Wood is a product of nature, each piece being unique. Each section taken from a tree will be different- it may have the same colour but the grain may be different. It is this diversity of character, strength, colour and, indeed, scent that makes wood so appealing.
Types of timber
Softwood comes from coniferous trees and includes spruce, pine and douglas fir. It is generally of a light colour and tends to be less expensive than hardwood (although not as durable). Softwood is ideal for internal use and can be painted or stained.
Hardwood comes from broad-leaved trees and includes ash, beech, birch, iroko, mahogany, meranti, oak, sapele and teak. Generally more durable than softwood, hardwood also offers a wider choice of colour. Ideal for external use due to its durability.
Timber is a natural product which will react to the environment in which it is located. This could cause joinery products to swell or shrink therefore regular maintenance is vital to ensure many years of enjoyment.
Paint as a top coat is available as eggshell, which has a slight sheen, satin , which is slightly less shiny than gloss and becoming increasingly popular, and gloss which is the most hardwearing of finishing paints. Always check that the paint is suitable for the proposed application - e.g internal or external use.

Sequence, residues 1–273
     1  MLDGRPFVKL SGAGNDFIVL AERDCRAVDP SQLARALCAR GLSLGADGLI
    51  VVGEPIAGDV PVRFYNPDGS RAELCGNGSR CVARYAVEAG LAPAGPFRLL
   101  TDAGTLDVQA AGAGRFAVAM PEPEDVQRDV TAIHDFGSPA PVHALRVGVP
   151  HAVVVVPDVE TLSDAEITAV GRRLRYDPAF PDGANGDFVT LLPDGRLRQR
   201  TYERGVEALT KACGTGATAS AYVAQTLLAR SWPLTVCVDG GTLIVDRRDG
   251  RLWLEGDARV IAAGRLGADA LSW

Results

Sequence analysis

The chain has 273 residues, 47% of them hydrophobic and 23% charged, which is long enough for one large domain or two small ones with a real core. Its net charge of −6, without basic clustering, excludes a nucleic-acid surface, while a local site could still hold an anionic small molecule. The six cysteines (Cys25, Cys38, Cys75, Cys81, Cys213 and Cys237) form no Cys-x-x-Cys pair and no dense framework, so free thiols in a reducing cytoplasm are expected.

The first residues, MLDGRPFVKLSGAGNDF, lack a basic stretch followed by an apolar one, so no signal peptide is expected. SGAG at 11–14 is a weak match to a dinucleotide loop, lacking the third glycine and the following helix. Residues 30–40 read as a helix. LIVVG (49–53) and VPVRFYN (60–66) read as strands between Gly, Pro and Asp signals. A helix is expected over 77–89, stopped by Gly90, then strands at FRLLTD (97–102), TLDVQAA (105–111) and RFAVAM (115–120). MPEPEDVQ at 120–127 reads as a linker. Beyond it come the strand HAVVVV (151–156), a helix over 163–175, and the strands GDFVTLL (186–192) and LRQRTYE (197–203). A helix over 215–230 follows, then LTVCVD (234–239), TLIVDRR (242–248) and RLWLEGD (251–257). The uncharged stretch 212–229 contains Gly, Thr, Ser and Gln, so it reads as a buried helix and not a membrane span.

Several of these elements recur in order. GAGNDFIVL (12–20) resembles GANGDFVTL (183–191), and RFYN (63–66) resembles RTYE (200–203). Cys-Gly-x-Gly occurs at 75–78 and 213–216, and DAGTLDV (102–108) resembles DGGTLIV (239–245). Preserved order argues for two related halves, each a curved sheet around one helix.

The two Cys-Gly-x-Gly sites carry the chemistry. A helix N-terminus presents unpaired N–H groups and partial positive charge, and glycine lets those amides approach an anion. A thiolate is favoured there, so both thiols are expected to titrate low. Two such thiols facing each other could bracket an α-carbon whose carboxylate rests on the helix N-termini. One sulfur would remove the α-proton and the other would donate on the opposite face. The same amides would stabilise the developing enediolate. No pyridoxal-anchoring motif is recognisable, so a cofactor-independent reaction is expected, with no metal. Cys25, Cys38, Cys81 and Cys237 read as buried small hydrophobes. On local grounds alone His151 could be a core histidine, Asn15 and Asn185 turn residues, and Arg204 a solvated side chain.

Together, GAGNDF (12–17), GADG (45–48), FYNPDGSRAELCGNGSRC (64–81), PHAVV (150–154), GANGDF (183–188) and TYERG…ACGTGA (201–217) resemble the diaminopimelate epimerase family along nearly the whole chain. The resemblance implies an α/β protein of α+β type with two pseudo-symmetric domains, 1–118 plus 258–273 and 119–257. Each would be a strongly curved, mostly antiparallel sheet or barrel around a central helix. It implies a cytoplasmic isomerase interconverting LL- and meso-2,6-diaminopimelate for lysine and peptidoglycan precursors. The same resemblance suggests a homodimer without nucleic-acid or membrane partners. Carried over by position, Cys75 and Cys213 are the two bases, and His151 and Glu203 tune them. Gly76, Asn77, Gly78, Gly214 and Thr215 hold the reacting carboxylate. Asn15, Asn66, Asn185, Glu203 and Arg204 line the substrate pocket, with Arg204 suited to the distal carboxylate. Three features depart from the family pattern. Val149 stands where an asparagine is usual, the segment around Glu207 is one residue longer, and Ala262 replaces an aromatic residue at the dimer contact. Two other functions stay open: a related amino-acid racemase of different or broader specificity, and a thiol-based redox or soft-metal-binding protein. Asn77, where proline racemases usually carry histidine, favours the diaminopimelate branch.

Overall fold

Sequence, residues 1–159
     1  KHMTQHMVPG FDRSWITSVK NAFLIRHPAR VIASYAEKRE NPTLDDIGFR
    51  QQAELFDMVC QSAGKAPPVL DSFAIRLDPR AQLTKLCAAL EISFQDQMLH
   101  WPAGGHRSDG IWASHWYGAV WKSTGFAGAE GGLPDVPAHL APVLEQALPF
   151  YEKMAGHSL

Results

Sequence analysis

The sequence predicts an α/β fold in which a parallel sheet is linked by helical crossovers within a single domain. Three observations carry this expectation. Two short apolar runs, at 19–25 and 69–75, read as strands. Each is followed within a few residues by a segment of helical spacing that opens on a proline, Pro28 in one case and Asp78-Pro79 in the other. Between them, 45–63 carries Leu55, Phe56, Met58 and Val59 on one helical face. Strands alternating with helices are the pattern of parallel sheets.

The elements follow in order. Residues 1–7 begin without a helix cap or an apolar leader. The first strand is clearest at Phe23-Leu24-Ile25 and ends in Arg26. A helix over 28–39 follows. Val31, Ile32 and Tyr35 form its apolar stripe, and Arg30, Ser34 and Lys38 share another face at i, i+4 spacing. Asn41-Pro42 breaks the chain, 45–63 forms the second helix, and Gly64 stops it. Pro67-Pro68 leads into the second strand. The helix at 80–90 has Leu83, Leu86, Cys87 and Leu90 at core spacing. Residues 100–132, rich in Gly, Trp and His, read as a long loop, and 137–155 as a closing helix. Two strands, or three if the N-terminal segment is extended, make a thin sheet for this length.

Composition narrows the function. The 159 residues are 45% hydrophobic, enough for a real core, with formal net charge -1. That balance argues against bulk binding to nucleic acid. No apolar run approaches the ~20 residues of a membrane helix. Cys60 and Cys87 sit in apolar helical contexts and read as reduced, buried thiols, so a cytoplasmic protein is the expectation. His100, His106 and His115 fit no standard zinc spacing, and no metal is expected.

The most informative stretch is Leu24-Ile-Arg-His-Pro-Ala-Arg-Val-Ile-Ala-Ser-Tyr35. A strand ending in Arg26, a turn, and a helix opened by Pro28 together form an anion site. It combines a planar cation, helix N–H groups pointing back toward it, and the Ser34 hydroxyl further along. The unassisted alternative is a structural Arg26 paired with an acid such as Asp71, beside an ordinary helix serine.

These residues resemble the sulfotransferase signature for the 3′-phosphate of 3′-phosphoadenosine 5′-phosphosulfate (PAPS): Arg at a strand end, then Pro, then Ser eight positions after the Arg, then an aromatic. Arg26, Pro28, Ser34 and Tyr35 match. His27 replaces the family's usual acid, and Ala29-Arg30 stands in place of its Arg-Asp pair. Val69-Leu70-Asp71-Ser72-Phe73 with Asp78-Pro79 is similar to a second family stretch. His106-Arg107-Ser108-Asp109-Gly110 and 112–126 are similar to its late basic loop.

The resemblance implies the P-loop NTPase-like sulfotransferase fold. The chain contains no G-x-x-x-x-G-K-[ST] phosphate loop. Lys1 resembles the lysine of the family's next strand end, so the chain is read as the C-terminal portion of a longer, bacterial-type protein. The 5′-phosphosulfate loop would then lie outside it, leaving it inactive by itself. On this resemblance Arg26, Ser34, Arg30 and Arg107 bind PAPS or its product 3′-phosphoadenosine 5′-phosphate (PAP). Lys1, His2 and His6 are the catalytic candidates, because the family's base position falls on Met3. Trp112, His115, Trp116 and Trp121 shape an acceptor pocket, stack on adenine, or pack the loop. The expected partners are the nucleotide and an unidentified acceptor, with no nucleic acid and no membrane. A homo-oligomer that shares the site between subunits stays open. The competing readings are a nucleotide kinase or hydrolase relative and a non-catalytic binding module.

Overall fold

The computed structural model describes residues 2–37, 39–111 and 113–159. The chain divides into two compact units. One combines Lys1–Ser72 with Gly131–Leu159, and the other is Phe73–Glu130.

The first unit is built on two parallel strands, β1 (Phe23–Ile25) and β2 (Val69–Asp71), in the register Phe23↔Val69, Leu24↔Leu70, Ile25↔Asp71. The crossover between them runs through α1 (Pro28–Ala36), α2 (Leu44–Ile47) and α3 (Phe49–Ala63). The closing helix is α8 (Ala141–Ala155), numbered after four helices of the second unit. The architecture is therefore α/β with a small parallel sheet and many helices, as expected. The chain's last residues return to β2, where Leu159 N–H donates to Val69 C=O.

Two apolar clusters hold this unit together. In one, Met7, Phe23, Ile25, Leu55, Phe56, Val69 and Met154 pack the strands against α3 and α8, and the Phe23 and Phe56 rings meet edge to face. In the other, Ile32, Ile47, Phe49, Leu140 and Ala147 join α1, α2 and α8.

Oils tend to bring out the character of the timber.Teak oil will result in a slight sheen whilst Danish oil will leave a more lustrous finish. Tung oil is one of the finest natural finishes for wood, with stunning end results. It is able to move and flex as timber surfaces expand and contract with age and changing temperature.
Wood stains are often used to add color and appeal and can enhance the natural grain or add depth or tone to timber. They are available in a variety of shades from very light, semi-transparent to dark, nearly opaque. Stains generally penetrate only the top layers of the wood and therefore can be stripped and sanded away, revealing the original color of the wood.
We are proud to be members of, and supported by, the British Woodworking Federation. This is the trade association for the woodworking and joinery manufacturing industry and all members are required to sign up to a rigorous set of standards of workmanship, company stewardship and environmental disciplines.
The Code of Conduct includes an 8 point assessment:
Customer care and response to complaints
Technical expertise and training
Environmental impact and waste management
Sustainability: members must use their best endeavours to meet best practice and source from sustainable sources
Financial status and stability
Full insurance cover
Clarity of contractual dealings
Compliance with employment, health and safety and education legislation